white man’s burden


    Say it loud: I’m white and male and not very proud.

    And it’s all thanks to two NPR stories. The first came as I was driving to work. WUNC, our local station hosts a program called The State of Things. Frank Stasio’s topic today was “Hillary and Obama.” I came in on the middle of the conversation at the same time as a caller had his say. He talked about being a life long Democrat and then he said, “If Obama is our candidate, I think I’m just going to have to vote for McCain. He’s a Republican I can tolerate.”

    Stasio pressed him: “Is one of the reasons you would vote for Obama because he’s black?”

    The guy paused and said, “Honestly, yeah. And there are a lot of us that feel this way.”

    A couple of hours later, the show was Day to Day and the story centered on John Edwards’ decision to “suspend his candidacy,” as he put it. Rather than spend much time talking about Edwards, the story focused on his absence and in particular who white men are going to vote for now that only a white woman and a black man are left – and they talked about it for a long time with several people as though white guys didn’t know what to do.

    I actually dropped my knife on the cutting board and said, “Are you frickin’ kidding me?” (I was alone in the kitchen at the time.)

    For the past seven years, I’ve done menial labor as a kitchen worker. It’s good work, it’s honorable work, it’s creative work, it’s what I love to do, and it’s menial labor because every night at the end of the shift I sweep the floor and push three fifty-five gallon trash cans to the dumpster and empty them. But even if I’m pushing those bins through the back hallways at Duke, I still get deferential treatment from a lot of the other workers because I’m a white male: I’m The Man.

    It’s a club I wish I could unjoin.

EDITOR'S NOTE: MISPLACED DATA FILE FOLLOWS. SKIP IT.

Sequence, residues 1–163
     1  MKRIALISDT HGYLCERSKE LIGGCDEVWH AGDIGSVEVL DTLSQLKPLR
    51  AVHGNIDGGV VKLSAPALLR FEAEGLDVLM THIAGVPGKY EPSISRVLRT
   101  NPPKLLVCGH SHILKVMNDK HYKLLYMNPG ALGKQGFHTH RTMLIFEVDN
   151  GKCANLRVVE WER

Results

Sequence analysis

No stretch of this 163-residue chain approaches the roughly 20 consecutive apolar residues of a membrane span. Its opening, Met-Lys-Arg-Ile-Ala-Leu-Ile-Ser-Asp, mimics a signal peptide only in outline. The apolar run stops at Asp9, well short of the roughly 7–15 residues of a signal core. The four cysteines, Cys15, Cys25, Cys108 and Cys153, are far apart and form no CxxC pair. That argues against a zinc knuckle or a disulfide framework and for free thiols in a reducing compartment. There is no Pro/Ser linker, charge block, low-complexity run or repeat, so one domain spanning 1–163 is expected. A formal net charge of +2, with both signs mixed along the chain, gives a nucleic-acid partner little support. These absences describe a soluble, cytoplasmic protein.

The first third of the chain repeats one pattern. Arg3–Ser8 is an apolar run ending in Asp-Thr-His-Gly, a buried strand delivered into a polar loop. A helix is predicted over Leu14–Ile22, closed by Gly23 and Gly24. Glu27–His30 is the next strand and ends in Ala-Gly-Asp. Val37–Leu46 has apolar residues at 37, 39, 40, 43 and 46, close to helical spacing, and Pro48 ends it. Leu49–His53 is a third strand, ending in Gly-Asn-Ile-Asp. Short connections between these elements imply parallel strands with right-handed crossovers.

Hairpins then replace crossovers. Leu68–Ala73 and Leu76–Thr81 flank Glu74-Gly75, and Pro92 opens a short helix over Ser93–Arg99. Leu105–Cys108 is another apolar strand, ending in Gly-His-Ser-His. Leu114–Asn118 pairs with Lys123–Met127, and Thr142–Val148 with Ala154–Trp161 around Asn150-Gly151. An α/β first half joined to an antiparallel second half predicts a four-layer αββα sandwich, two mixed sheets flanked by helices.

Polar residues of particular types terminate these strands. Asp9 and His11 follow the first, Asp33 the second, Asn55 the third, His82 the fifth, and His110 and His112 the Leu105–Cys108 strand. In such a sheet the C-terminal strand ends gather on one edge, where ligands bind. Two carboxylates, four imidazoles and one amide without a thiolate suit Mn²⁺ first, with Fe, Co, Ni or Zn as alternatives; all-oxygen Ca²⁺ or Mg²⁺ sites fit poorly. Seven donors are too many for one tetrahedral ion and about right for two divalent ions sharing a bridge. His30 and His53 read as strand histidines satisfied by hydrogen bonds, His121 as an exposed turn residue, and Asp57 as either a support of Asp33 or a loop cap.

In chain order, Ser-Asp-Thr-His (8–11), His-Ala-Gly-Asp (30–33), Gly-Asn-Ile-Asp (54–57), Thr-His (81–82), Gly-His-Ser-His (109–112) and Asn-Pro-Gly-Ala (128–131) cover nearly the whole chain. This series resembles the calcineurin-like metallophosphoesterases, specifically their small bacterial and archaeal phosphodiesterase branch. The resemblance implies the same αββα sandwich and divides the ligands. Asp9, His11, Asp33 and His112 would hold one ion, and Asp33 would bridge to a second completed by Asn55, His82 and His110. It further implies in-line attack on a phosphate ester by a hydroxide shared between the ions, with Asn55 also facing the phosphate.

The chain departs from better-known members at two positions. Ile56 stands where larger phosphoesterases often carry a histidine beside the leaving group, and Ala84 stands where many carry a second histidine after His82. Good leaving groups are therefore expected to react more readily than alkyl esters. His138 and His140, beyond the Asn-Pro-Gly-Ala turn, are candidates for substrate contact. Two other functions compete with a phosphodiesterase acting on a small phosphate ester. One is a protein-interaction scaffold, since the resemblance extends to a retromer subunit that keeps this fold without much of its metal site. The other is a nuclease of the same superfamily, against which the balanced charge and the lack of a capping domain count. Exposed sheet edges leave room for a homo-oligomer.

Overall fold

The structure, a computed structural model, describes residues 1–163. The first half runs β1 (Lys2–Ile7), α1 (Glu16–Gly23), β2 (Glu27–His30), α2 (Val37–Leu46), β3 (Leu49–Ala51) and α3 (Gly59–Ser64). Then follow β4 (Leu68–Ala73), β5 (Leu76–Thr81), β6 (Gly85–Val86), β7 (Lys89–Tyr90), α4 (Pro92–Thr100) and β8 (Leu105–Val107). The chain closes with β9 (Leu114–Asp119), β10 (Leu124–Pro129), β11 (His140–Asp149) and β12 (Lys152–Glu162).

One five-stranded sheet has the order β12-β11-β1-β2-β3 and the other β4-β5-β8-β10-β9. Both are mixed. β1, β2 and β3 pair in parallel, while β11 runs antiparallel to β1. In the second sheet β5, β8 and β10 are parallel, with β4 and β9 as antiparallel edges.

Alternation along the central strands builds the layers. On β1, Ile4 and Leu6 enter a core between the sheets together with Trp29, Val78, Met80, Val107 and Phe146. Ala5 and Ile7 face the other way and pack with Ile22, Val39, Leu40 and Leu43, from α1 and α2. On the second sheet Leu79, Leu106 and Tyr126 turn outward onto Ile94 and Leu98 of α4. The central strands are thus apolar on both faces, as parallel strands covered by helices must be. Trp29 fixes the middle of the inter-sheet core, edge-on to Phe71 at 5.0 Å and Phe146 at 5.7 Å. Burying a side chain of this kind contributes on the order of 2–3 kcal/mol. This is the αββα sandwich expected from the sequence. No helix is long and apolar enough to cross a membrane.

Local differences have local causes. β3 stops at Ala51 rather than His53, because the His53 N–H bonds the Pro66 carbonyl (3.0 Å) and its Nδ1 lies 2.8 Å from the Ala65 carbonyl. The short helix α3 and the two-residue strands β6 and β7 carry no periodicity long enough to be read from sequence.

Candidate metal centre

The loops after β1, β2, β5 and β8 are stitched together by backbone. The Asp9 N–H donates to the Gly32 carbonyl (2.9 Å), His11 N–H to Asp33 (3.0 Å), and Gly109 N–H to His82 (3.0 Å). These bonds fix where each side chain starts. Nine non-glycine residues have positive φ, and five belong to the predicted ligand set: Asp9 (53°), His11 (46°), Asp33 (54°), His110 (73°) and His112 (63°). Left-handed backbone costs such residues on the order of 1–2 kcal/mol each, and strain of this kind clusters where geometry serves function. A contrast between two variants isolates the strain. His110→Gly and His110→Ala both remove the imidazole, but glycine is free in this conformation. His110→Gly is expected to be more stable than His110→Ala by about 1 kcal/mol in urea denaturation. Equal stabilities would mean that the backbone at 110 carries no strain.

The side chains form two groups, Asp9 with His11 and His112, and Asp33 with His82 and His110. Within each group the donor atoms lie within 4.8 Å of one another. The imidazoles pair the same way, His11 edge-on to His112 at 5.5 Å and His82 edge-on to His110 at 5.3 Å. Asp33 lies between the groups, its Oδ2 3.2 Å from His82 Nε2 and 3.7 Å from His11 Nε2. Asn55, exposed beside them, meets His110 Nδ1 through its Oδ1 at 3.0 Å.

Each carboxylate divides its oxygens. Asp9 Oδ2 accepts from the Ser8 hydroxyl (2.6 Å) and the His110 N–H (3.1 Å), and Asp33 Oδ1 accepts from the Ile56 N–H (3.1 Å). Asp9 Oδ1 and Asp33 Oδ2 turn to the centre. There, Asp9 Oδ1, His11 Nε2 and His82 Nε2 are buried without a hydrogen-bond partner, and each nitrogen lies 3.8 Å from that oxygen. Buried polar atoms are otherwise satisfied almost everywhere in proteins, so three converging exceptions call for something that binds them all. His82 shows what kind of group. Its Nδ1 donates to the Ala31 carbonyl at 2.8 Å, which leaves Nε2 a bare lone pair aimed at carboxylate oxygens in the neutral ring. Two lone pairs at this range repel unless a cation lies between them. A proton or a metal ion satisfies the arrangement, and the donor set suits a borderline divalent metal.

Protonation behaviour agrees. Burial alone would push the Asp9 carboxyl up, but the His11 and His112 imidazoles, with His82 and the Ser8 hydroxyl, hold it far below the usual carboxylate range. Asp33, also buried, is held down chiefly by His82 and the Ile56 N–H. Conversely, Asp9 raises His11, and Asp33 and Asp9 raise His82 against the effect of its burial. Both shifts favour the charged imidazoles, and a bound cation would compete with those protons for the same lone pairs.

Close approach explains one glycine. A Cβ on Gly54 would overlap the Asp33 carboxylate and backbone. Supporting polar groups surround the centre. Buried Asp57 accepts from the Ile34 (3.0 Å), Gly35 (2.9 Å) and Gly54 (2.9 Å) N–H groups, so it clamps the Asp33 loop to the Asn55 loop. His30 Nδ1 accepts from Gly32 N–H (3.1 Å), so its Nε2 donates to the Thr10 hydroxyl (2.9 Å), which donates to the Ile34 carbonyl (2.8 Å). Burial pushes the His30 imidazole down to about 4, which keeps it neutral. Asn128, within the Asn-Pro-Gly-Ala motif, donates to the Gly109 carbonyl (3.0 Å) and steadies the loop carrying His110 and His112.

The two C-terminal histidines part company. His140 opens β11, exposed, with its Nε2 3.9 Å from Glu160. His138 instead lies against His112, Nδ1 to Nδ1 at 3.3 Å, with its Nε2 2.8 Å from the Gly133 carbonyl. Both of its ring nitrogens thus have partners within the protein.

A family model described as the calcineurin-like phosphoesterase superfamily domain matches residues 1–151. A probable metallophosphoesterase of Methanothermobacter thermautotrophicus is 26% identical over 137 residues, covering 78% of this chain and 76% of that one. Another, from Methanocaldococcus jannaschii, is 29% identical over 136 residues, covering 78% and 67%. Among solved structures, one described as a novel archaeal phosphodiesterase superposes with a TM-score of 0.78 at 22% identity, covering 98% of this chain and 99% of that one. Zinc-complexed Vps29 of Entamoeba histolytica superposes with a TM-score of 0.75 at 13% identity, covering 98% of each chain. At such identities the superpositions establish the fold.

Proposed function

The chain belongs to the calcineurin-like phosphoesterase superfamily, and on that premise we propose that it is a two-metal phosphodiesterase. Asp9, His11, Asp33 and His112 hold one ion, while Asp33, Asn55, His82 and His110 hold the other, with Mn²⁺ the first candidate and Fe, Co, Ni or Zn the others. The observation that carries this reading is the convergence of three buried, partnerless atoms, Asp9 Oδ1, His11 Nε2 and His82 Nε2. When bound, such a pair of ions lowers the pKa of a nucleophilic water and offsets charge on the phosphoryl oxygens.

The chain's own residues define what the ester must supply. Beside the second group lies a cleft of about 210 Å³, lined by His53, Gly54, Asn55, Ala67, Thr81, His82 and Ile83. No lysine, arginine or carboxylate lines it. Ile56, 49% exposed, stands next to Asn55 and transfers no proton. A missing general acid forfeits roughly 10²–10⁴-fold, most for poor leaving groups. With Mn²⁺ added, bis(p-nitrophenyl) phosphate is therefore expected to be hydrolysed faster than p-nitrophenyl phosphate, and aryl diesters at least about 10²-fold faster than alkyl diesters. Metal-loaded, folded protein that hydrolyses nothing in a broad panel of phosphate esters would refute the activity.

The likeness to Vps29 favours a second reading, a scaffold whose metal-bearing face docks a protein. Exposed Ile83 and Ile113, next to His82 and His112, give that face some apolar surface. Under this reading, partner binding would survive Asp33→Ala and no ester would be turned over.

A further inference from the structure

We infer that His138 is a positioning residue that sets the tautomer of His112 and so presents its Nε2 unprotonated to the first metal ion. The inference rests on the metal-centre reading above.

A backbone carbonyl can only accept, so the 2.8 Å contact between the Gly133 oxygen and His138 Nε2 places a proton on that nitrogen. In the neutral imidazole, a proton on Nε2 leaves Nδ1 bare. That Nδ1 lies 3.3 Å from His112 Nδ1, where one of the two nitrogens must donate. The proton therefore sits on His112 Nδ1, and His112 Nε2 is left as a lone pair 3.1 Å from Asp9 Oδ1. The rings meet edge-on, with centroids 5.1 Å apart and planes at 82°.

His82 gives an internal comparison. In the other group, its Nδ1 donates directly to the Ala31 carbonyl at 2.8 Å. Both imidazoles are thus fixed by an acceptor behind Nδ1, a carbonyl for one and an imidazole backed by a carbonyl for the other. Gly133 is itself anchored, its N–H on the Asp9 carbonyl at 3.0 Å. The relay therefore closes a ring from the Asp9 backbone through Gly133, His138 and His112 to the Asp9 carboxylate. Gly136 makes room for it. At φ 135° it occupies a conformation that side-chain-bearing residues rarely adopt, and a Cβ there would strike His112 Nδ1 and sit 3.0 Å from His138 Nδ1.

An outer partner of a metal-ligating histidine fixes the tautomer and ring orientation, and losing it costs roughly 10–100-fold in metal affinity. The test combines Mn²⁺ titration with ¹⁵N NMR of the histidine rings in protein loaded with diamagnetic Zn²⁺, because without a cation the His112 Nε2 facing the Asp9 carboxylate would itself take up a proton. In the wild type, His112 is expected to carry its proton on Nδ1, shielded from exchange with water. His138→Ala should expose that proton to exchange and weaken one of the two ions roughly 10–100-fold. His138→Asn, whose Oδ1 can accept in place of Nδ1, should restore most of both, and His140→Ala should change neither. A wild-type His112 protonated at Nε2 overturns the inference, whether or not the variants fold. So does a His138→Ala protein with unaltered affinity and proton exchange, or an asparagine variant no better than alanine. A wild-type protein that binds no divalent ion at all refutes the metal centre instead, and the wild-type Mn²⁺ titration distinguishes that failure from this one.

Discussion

When I was in Baylor, I qualified to join some honor society whose Greek letters I can no longer recall. It’s only value was it went on my transcript to make me look more intelligent, I guess, to future employers or graduate schools. My sophomore year, I went to the meeting where we were to accept new members. All of the applicants were qualified to join by a long shot. The president stood up and began to go through the process of voting on each one. I raised my hand and asked why we didn’t take them all, since it was an honor society and they all met the requirements. His answer was if we let everyone in then it would be as special for those who made it.

    I never went to another meeting.

    As a high school English teacher, I refused to allow my students to use “man” or “men” as though they referred to everyone. Every semester, someone would say, “But they’ve always been used to mean everyone.”

    My response was, “They were used to mean everyone, when everyone meant the white males. When the Declaration of Independence says, ‘All men are created equal,’ it meant the white men; it didn’t mean everyone. Men means men. English is a big language; don’t let your lack of vocabulary limit your inclusivity.”

    White men have been in charge for a long time. They still are – just look at who was sitting in the room during Bush’s speech the other night: a sea of dark suits, red or blue ties) and lots of white, wrinkled skin. That Hillary and Obama stand to make history one way or another is one of the signs that life isn’t always going to be so white and white. We’re going to come out on level ground more and more (and probably act like we got cheated out of something). And we need to quit whining about how immigrants and minorities get special treatment. We’ve been treated special the whole time. I don’t get followed around in a store because they think I’m going to shoplift because of the color of my skin. I don’t get stopped by the cops because they think I’m the wrong color to be driving such a nice car. I don’t get dragged off by INS because my last name matches on their list, even though the list is wrong. I’m not expected to stay home with the kids and I don’t get blamed for latch-key children because I choose to have a career and a family.